Letter 181f

181f. Friedrich Schlegel to Friedrich von Hardenberg in Tennstedt: Jena, 5 May 1797 [*]

Jena, 5 May 1797

. . . I am losing a great deal by your being unable to be here. Since you will be leaving Tennstedt so soon, might it not be possible for you to spend at least a 4-week period here? [1] My family here would also find it quite pleasant. — I am not doing all that well myself. I am constantly having to fuss with my health, must work frightfully much without ever being able to finish, and am, moreover, suffering sadly from loneliness. But, then, they will be returning from Dresden in 10 days. [2]

I am on the whole satisfied with the mood of your letter. The solitude in Tennstedt is doubtless quite salutary for you. It is better to be alone after such an irreplaceable loss. A person must come completely to terms with such a thing oneself. [3] . . .

. . . By the way, I am very grateful to you for having related to me your judgment just the way it was — a judgment which, concerning not only everything philosophical, but also everything individual that I myself write, is more valuable to me than that of all the Goethes and Fichtes of the world, and even than that of my sister-in-law. Please do continue to do so. . . .


[*] Sources: Novalis Schriften 4:482; KFSA 23:363. Back.

[1] Hardenberg had traveled to Tennstedt (ca. 60 km northwest of Jena) on 12 April 1797 to be near the grave of his deceased bride, Sophie von Kühn, who had died on 19 March 1797 of consumption (tuberculosis) and was buried in the cemetery of the village church in Grüningen (map 1: Post Karte Durch ganz Deutschland, ed. J. Walch [Augsburg 1795]; map 2: (Karte des deutschen Reichs, ed. C. Vogel [Gotha 1907], no. 18); funeral illustration: Ernst und Scherz: Ein Taschenbuch zur angenehmen und nüzlichen Unterhaltung für das Jahr 1810 [Augsburg 1810]):





[2] Caroline, Auguste, and Wilhelm Schlegel returned to Jena from Dresden on 20 May 1797. Back.

[3] Sophie von Kühn’s death had plunged Hardenberg into a crisis during which he seems to have undergone a religious experience (one of his brothers had also died) and struggled with his understanding of death. The literary expression of this crisis was his Hymnen an die Nacht, composed in 1799 and arguably the most significant poetic creation of the early Romantics. They were published in Friedrich and Wilhelm’s periodical Athenaeum (1800) 188–20. Several English translations are available. See John G. Robertson, A History of German Literature (New York 1902), 426:

. . . the Hymnen an die Nacht, which contain some of the most spiritual poetry in the German tongue. Never has religion blended more perfectly with personal grief and bereavement than in these outpourings of the soul, in which the “holy, inexpressible, mysterious Night” symbolises the Nirvana of earthly sufferings. These hymns, which are, for the most part, in rhythmical prose, contain the poetic essence of Jakob Böhme’s mysticism.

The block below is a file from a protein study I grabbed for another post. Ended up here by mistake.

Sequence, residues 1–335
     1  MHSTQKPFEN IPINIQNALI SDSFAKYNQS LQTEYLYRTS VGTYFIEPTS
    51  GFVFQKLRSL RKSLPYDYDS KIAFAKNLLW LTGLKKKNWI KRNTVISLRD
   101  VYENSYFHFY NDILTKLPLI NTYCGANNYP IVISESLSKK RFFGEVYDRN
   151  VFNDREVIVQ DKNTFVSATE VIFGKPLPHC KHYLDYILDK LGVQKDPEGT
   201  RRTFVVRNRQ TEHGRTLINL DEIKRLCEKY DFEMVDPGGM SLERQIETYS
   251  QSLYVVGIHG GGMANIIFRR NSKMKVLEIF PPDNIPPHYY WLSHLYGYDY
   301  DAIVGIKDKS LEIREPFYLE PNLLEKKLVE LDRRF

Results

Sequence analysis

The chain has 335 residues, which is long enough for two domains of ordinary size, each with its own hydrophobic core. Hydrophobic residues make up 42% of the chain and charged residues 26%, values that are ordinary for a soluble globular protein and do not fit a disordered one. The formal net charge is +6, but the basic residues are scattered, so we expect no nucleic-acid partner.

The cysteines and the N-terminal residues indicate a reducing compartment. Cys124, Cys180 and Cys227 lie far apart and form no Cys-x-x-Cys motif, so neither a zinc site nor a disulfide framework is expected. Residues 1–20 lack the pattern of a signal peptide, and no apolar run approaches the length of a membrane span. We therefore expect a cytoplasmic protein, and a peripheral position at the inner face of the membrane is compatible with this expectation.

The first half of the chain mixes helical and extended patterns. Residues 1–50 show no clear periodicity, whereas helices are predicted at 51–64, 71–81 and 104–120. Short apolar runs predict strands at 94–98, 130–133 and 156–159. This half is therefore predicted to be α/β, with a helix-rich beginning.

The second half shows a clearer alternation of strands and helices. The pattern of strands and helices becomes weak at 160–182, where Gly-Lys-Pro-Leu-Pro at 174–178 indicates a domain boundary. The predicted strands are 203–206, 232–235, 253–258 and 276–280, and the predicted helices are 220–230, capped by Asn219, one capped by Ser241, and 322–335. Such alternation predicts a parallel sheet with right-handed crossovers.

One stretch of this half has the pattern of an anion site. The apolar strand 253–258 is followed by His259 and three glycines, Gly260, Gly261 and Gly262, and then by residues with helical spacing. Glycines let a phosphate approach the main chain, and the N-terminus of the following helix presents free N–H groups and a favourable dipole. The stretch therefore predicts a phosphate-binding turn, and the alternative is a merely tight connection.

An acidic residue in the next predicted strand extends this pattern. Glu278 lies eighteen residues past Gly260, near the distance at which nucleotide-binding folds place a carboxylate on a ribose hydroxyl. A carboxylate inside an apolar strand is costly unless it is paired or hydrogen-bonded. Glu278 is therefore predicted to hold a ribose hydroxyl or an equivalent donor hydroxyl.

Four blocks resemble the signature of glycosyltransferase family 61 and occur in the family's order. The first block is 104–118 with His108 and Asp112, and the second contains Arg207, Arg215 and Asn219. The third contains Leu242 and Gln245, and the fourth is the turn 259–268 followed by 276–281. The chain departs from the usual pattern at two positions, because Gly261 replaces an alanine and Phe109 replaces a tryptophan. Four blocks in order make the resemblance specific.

Concerning Hardenberg’s visit to Sophie von Kühn’s grave, see, e.g., hymn 3, trans. George Mac Donald, Rampolli: Growths from a Long-Planted Root: Being Translations, New and Old, Chiefly from the German (London 1897), 5–6 (illustration: N. Monciau and Pierre Philippe Choffard, Trauriger Mann auf einem Friedhof [ca. 1776–1800]; Herzog August Bibliothek; Museums./Signatur Graph. A1: 444a):


Once when I was shedding bitter tears, when, dissolved in pain, my hope was melting away, and I stood alone by the barren mound which in its narrow dark bosom hid the vanished form of my Life, lonely as never yet was lonely man, driven by anxiety unspeakable, powerless, and no longer anything but a conscious misery; — as there I looked about me for help, unable to go on or to turn back, and clung to the fleeting, extinguished life with an endless longing: then, out of the blue distances — from the hills of my ancient bliss, came a shiver of twilight — and at once snapt the bond of birth, the chains of the Light.

Away fled the glory of the world, and with it my mourning; the sadness flowed together into a new, unfathomable world. Thou, soul of the Night, heavenly Slumber, didst come upon me; the region gently upheaved itself; over it hovered my unbound, newborn spirit. The mound became a cloud of dust, and through the cloud I saw the glorified face of my beloved. In her eyes eternity reposed. I laid hold of her hands, and the tears became a sparkling bond that could not be broken. Into the distance swept by, like a tempest, thousands of years. On her neck I welcomed the new life with ecstatic tears. Never was such another dream; then first and ever since I hold fast an eternal, unchangeable faith in the heaven of the Night, and its Light, the Beloved.

The notion of the possibility of such otherwise unexplainable experiences or communication with the dead had also otherwise become increasingly popular; in a letter to Schleiermacher on 15 November 1799 (letter 255b), Dorothea Veit remarks that Hardenberg’s external appearance was that of a “ghost-seer” (Ebenezer Sibly, A New and Complete Illustration of the Celestial Science of Astrology; Or, The Art of Foretelling Future Events and Contingencies, 2 vols., 12th [sic] ed., [London 1822], plate following p. 1106):



Translation © 2012 Doug Stott